Budgens to stock up for the remaining days I was going to be in my
accommodation. Pasta, toilet paper, and eggs have been scarce commodities,
you’ll be very lucky to find.

My course director, Oksana conducted a test trial of zoom
with some of my course mates and me, we also created a COVID-19 support group
chat which we share activities during our days of social distancing, and also
assist our course mates that are still in the UK.

My move to London was a pretty smooth transition as it is the
place I call home in the UK. I called a cab, and it took us about 55 minutes to
get to my house.

Since arriving in London, I had a Family Business Management
group assignment to submit on Friday, which has kept me busy and distracted.
The only time I stepped out was today to go to the hospital for a prescription.
Going outside, London is quite a bit busier than I expected but nothing too
extreme.

I was initially devastated about not being able to go back
to my country to see my family, but I quickly realised it was for the best. I
have been keeping in touch with everyone back home and some of the amazing
people I met in Cranfield, and also had time to catch up with my friends from
high school on a Zoom video call. It has been quite a humbling experience, a
lot to take in but I believe if we give each other mental support, as this
pandemic also has an effect to the mental health, we will get through it.

I hope you found that an interesting read and it gave you some insight into our students’ current experience in each living setting. I believe people are all adapting remarkably well under very strange and unprecedented circumstances, but I hope that it teaches us all new skills we can take forward to life once this pandemic is over. Stay safe everyone Image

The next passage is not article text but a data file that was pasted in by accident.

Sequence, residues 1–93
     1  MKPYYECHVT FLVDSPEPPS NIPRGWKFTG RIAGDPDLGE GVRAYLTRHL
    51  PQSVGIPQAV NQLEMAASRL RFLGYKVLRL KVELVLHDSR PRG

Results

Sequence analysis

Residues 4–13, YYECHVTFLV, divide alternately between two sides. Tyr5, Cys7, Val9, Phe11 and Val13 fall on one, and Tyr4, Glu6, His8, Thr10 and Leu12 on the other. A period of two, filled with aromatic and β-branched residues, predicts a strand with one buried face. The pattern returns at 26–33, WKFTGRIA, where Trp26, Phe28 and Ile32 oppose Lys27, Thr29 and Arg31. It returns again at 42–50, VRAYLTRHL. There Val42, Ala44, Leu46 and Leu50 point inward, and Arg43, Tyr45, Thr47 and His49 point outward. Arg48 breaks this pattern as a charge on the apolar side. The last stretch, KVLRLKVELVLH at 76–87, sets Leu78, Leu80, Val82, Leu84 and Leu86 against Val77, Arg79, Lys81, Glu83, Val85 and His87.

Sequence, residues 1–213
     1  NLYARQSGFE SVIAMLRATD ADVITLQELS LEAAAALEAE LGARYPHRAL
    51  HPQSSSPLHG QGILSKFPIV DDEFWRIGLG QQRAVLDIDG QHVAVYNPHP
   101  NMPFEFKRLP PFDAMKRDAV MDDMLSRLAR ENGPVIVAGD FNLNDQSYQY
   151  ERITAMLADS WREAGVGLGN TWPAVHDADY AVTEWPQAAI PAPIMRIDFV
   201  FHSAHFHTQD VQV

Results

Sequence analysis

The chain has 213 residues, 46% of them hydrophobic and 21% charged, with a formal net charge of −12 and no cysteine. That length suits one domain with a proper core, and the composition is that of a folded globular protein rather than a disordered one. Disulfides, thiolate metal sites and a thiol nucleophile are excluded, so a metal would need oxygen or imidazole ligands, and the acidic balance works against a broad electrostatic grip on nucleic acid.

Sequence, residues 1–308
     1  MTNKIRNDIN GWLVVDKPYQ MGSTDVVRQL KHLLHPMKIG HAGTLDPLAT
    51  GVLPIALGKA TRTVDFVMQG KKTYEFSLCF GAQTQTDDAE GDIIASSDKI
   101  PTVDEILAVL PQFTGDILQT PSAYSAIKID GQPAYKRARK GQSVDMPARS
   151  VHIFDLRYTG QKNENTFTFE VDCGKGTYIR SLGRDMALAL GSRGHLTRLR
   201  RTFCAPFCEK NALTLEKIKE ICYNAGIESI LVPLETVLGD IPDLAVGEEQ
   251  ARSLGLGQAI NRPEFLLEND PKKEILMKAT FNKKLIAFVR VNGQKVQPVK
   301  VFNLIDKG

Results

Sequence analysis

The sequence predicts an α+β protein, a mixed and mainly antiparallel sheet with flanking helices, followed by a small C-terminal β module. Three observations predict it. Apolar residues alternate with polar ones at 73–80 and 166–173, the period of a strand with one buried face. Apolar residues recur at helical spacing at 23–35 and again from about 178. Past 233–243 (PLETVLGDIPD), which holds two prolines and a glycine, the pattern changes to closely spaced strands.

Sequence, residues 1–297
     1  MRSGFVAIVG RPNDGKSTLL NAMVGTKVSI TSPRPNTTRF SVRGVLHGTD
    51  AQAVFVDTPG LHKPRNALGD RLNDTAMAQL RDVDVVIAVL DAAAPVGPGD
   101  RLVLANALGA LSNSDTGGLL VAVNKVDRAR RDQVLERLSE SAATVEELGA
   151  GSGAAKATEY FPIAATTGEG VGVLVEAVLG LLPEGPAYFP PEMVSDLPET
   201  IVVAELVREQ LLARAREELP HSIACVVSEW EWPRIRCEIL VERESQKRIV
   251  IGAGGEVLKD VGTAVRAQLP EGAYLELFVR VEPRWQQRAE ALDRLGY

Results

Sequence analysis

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My experience at the British Antarctic Survey  [#permalink]

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New post 06 Apr 2020, 08:02
FROM Cranfield SOM Blogs: My experience at the British Antarctic Survey
Last month I had the chance to visit one of the most fascinating science institutions that I know in the United Kingdom, the British Antartic Survey (BAS). It is an institute of the Natural Environment Research Council, and it has been delivering and enabling world-leading interdisciplinary research in the Polar Regions for decades. Its head quarters are in Cambridge, which is where I was invited to. They perform science and research in the Polar Regions: Antarctica and the Arctic but also in some other exotic places like the Himalayas. Their main goal is to advance our understanding of Earth and our impact on it, one of the current focuses is on the most precise estimation on the rise of sea level due to the melting of polar glaciers.